Oil, gas explorer awaits attractive shale gas policy

OGDCL has already pumped $30m, seeks incentives to accelerate development work

Zafar Bhutta June 02, 2024
good quantity of oil and gas deposits have been discovered from Sindh. Photo: File


Pakistan’s largest hydrocarbon explorer Oil and Gas Development Company Limited (OGDCL) is looking for an attractive, incentives-laden policy for tapping shale gas deposits as such ventures require high investments in field development.

OGDCL has already invested $30 million to exploit the shale gas reserves and is now awaiting a lucrative policy to expedite the development work.

The development of shale oil and gas fields has brought a revolution in the United States and Pakistan also sees a lot of potential in this respect.

OGDCL is currently injecting significant oil and gas into the system to contribute to the government’s efforts to boost indigenous resources and overcome energy crisis in the country.

Sources in the Petroleum Division told The Express Tribune that OGDCL was aggressively working on plans to explore shale gas. In this respect, it has dedicated teams and resources. The company has invested about $30 million and set three horizons in the first unconventional shale gas well named KUC-1 in Hyderabad district, Sindh.

“Drilling of the first horizontal well will start in 2026 followed by exploration of 10 horizontal wells dedicated for shale gas till 2029. OGDCL is expecting the government of Pakistan to announce a lucrative shale gas policy considering the high investment involved in developing such fields,” an official said.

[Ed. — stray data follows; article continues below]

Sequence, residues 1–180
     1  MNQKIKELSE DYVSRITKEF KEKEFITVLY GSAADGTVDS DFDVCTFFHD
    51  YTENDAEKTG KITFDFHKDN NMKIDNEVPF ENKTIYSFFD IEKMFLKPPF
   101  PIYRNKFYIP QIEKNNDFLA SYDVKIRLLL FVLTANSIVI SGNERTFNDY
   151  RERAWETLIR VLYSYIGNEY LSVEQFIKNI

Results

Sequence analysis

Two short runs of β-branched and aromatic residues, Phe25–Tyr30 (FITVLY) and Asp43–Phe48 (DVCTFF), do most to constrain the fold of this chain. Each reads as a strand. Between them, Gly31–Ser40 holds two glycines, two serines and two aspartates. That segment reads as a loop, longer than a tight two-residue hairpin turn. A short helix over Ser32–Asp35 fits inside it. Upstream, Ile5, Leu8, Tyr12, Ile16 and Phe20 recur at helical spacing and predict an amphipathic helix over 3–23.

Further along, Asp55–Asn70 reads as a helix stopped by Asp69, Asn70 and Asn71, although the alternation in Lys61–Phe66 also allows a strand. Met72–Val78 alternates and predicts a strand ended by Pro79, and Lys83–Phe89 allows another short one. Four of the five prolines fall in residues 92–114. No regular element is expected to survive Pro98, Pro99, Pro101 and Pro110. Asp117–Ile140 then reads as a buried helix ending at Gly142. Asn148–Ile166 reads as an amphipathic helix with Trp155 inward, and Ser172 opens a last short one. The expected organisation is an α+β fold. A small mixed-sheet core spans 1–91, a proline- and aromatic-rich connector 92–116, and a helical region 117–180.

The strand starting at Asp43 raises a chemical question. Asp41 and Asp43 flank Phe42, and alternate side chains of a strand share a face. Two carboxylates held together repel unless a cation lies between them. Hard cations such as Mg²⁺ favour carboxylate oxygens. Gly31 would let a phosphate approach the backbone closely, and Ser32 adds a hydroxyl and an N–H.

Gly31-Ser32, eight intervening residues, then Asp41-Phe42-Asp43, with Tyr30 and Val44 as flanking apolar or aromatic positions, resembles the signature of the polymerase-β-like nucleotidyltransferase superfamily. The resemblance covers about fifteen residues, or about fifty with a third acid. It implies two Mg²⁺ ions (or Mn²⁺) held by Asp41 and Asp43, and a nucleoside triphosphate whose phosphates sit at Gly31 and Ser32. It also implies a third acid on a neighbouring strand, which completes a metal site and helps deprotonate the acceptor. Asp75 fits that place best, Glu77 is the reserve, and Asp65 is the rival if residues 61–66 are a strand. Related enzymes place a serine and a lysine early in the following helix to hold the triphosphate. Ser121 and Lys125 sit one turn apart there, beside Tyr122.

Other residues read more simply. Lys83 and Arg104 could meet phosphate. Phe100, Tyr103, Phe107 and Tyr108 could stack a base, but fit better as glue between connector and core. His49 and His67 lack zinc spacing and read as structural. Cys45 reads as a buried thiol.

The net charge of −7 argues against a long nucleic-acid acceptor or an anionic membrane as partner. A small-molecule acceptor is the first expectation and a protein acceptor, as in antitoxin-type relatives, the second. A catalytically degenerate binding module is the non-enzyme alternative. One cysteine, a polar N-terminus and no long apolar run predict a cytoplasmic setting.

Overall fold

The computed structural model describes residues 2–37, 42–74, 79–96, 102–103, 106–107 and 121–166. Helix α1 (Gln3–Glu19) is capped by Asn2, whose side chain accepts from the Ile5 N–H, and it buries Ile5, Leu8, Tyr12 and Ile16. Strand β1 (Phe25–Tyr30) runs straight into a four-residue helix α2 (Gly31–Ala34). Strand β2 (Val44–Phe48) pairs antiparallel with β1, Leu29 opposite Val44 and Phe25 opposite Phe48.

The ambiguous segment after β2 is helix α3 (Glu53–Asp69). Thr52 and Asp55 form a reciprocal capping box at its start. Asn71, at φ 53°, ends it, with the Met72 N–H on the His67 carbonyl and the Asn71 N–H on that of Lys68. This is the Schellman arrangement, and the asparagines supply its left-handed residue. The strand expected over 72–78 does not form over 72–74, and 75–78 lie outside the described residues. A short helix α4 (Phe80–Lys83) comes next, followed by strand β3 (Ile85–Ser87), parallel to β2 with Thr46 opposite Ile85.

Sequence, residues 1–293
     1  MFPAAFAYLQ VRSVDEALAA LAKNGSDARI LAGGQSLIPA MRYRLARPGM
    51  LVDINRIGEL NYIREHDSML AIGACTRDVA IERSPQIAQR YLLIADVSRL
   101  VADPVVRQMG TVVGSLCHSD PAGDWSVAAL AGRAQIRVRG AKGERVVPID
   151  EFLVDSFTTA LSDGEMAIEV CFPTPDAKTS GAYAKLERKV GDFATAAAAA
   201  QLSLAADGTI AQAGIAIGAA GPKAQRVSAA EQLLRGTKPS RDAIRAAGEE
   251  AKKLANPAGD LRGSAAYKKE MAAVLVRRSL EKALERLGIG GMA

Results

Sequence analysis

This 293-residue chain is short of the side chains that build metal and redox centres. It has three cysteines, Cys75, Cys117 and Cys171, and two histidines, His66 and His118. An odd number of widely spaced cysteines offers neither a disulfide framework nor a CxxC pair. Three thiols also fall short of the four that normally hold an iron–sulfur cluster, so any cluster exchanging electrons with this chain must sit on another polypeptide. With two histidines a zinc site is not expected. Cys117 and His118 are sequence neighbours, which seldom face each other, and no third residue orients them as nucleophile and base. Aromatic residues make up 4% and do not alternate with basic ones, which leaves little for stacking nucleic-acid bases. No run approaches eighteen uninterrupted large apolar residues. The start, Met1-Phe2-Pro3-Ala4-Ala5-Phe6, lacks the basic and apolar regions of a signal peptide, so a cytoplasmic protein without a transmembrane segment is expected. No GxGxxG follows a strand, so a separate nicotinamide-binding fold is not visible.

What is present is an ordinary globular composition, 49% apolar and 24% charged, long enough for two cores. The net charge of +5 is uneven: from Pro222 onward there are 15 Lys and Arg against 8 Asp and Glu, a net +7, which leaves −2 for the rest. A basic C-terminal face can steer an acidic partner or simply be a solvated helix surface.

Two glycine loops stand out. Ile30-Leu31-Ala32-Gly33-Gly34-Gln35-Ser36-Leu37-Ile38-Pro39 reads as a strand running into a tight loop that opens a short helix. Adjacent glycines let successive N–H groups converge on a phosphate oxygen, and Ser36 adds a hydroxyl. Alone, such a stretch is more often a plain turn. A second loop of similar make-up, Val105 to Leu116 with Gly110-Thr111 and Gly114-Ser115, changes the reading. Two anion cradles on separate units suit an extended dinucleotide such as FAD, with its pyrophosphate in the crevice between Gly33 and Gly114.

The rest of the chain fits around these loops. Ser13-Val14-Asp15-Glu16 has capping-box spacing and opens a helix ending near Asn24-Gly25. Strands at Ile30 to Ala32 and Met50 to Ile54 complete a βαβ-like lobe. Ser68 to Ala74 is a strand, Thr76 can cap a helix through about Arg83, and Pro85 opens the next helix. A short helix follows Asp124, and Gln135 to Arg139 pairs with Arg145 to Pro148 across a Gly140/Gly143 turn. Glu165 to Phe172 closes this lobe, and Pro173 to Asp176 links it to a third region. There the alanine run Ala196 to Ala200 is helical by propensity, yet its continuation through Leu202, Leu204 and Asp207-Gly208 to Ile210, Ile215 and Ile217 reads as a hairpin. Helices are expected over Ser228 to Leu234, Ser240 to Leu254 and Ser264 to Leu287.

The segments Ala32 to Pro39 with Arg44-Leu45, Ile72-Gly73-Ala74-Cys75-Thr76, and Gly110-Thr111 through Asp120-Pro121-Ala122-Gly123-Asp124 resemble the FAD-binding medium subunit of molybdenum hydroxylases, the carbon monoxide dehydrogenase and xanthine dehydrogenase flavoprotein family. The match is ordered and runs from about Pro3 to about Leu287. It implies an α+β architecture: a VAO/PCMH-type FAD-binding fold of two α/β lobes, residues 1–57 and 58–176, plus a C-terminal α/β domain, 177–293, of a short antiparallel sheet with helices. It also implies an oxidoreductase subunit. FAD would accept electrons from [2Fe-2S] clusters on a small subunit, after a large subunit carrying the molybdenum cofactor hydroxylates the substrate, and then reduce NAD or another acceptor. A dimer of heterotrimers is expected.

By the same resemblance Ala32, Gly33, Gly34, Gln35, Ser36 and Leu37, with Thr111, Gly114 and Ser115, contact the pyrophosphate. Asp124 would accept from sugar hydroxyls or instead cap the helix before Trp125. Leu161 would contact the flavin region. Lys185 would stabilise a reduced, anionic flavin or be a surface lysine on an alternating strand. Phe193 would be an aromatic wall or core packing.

Regarding the deployment of shale gas technology, sources elaborated that the process required the extraction of natural gas trapped within shale formations deep under the ground.

Shale is a type of sedimentary rock that contains significant amounts of organic material. Shale gas extraction involves a combination of horizontal drilling and hydraulic fracturing, commonly known as fracking.

In order to work on shale gas, geologists study rock formations to identify areas where shale gas may be present. This involves seismic imaging and other techniques to map underground structures.

Once a promising area is identified, drilling operations commence. Horizontal drilling allows access to a larger shale area compared to vertical drilling. A well is drilled vertically to a certain depth and then turned horizontally to follow the shale layer.

After drilling, hydraulic fracturing is performed. This process involves injecting a mixture of water, sand and chemicals at high pressure into the shale formation. This creates fractures in the rock, allowing gas to flow more freely to the wellbore.

Once the fractures are created, the trapped natural gas flows into the wellbore and is brought to the surface. Gas is then processed and transported for distribution.

The origins of shale gas technology can be traced back several decades ago, but it has gained significant attention in the early 21st century, particularly in the US.

About OGDCL’s plans for tight gas drilling in light of a new tight gas policy, sources said the company was aggressively working on its development. It plans to develop three wells in financial year 2024-25 followed by five and seven wells in subsequent years.

Regarding incentives for production optimisation initiatives, officials of the Petroleum Division said that price incentives coupled with tax relaxation would surely confirm economic viability of the brownfields facing a significant natural decline and ultimately expedite the application of optimisation techniques, which require considerable capital and operational expenditures.

They said that existing policies of the Ministry of Energy suited OGDCL to some extent but it needed to offer more such as waiving the additional 15% wellhead value (ie, extra royalty other than 12.5%) imposed on the ageing fields, which has passed 30 years of life.

Additionally, there is a need to waive the windfall levy on gas and condensate. Ageing fields should be given 15% depletion allowance rather than imposing an additional 15% wellhead value.

Published in The Express Tribune, June 2nd, 2024.

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